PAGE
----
Third, the “civil penalties authorized or imposed in comparable cases,” Campbell, 538 U.S. at 418, 123 S.Ct. 1513, suggest that the punitive damages award of $60,000 here is not grossly excessive. See Big D Enters., 184 F.3d at 933 (pointing to the FHA provision that allows courts to impose a fine and concluding that “[t]he fact that the FHA permits courts to impose a fine ․ in addition to compensatory and punitive damages significantly undercuts appellants' argument that the punitive damage award [of $50,000] in this case is excessive”); 42 U.S.C. § 3614(d)(1)(C)(i) (allowing courts to impose a fine of up to $75,000, as adjusted for inflation by 28 C.F.R. § 85.3(b)(3)(i)).
In sum, the relevant indicia support the conclusion that the jury's punitive damages award is not grossly excessive. The award “comports with due process, while achieving the statutory and regulatory goals of retribution and deterrence.” Quigley, 598 F.3d at 956.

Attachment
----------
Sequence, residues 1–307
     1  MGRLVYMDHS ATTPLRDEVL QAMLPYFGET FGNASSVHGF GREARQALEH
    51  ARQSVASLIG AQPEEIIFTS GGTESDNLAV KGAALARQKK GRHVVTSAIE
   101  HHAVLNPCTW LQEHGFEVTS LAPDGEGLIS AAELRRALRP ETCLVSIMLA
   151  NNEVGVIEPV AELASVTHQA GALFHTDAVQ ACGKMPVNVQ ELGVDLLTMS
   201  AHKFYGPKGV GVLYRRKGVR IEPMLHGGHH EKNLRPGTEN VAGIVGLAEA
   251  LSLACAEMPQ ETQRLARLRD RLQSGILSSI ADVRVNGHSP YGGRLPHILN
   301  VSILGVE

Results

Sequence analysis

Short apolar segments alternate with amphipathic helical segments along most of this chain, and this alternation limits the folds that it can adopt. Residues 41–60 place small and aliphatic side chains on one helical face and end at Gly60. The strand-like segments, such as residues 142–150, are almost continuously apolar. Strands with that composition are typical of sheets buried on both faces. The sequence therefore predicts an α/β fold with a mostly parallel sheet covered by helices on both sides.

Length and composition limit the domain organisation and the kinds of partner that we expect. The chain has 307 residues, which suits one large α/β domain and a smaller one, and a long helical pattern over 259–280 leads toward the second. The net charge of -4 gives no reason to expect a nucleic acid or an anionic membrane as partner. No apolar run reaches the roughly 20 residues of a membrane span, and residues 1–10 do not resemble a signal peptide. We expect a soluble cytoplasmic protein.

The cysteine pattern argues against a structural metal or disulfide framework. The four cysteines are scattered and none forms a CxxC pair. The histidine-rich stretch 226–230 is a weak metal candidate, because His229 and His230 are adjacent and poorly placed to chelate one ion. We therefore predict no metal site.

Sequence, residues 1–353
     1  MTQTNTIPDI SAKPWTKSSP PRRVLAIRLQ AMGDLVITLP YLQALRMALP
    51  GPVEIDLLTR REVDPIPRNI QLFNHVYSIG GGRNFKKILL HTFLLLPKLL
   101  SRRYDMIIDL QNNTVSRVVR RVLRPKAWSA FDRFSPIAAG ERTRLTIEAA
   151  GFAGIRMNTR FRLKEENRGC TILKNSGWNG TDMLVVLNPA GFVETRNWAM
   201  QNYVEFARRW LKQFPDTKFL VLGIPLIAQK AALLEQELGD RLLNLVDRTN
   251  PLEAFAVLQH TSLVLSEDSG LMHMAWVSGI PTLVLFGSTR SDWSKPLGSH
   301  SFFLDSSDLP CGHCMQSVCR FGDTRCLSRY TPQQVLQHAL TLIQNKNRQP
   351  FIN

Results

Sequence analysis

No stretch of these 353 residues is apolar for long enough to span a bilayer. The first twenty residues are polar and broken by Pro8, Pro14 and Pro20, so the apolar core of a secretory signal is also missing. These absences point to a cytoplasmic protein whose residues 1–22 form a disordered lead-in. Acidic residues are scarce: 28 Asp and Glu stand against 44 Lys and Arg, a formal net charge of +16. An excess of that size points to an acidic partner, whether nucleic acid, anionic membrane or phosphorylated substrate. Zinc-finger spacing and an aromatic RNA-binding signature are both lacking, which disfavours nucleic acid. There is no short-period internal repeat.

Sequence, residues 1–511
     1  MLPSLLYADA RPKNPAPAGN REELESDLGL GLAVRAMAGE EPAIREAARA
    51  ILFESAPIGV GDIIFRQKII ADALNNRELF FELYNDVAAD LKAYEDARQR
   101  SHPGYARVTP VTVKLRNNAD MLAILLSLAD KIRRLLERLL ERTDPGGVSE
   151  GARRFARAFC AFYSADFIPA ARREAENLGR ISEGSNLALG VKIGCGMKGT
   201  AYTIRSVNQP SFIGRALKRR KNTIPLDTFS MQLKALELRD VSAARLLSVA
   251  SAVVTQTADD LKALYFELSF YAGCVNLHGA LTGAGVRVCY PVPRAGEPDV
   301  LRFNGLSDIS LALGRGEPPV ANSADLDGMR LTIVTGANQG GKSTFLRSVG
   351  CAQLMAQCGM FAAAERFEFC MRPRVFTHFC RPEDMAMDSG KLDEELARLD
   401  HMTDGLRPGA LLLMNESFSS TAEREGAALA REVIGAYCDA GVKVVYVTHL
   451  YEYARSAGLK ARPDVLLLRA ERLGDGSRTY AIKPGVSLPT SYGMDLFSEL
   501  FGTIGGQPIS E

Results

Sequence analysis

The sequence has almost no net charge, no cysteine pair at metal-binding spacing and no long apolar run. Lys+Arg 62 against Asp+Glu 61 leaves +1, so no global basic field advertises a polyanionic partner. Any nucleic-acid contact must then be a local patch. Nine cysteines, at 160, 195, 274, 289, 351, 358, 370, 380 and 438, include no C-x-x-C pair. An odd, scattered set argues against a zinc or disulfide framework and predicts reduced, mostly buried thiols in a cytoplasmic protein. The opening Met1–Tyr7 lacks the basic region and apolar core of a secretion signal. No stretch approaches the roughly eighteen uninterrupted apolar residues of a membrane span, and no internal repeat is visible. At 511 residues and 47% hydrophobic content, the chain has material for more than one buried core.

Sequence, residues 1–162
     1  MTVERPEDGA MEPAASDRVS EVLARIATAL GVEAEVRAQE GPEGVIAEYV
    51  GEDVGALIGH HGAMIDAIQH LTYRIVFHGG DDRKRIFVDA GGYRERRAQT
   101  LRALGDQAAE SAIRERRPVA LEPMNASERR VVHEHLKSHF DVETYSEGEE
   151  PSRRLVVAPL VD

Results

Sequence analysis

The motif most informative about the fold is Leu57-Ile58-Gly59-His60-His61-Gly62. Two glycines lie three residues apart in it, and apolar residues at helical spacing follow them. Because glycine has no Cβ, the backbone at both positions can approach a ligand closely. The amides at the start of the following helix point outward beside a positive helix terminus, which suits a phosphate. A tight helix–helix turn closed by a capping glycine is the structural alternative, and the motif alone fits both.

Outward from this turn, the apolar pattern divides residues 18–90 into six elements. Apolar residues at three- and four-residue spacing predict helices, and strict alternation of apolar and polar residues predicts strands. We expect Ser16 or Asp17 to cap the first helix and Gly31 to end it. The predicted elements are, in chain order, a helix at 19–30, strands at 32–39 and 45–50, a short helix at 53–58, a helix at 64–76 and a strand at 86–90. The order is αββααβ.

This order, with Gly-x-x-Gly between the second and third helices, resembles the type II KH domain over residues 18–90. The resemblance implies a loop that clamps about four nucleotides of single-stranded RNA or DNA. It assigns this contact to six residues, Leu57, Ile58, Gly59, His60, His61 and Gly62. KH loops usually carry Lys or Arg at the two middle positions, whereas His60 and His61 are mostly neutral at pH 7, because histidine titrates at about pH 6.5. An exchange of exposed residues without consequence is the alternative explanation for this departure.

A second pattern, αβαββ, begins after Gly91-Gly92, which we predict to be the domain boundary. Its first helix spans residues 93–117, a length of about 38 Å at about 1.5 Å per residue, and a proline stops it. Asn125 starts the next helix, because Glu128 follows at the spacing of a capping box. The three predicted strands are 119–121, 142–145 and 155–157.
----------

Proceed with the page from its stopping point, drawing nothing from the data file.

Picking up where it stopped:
For the foregoing reasons, we affirm the judgment of the district court.
The court's opinion is a faithful application of existing precedent. See, e.g., Quigley v. Winter, 598 F.3d 938, 952–56 (8th Cir. 2010). I write only to question, once again, why we are engaging in this exercise at all. See Adeli v. Silverstar Auto., Inc., 960 F.3d 452, 464–65 (8th Cir. 2020) (Stras, J., concurring) (describing the reduction of punitive-damages awards as “judicial alchemy” that finds no support in historical practice); see also Pac. Mut. Life Ins. Co. v. Haslip, 499 U.S. 1, 39, 111 S.Ct. 1032, 113 L.Ed.2d 1 (1991) (Scalia, J., concurring in the judgment) (explaining that it is “not the role of the Due Process Clause” to reduce or eliminate punitive damages). Rescuing Fair Housing Act “defendants from bad outcomes that arise out of perfectly good procedures” falls within Congress's domain, not ours. Adeli, 960 F.3d at 464, 465 n.8 (Stras, J., concurring) (explaining why); see 42 U.S.C. § 3613(c)(1) (expressly authorizing the “award” of “punitive damages” in the first place).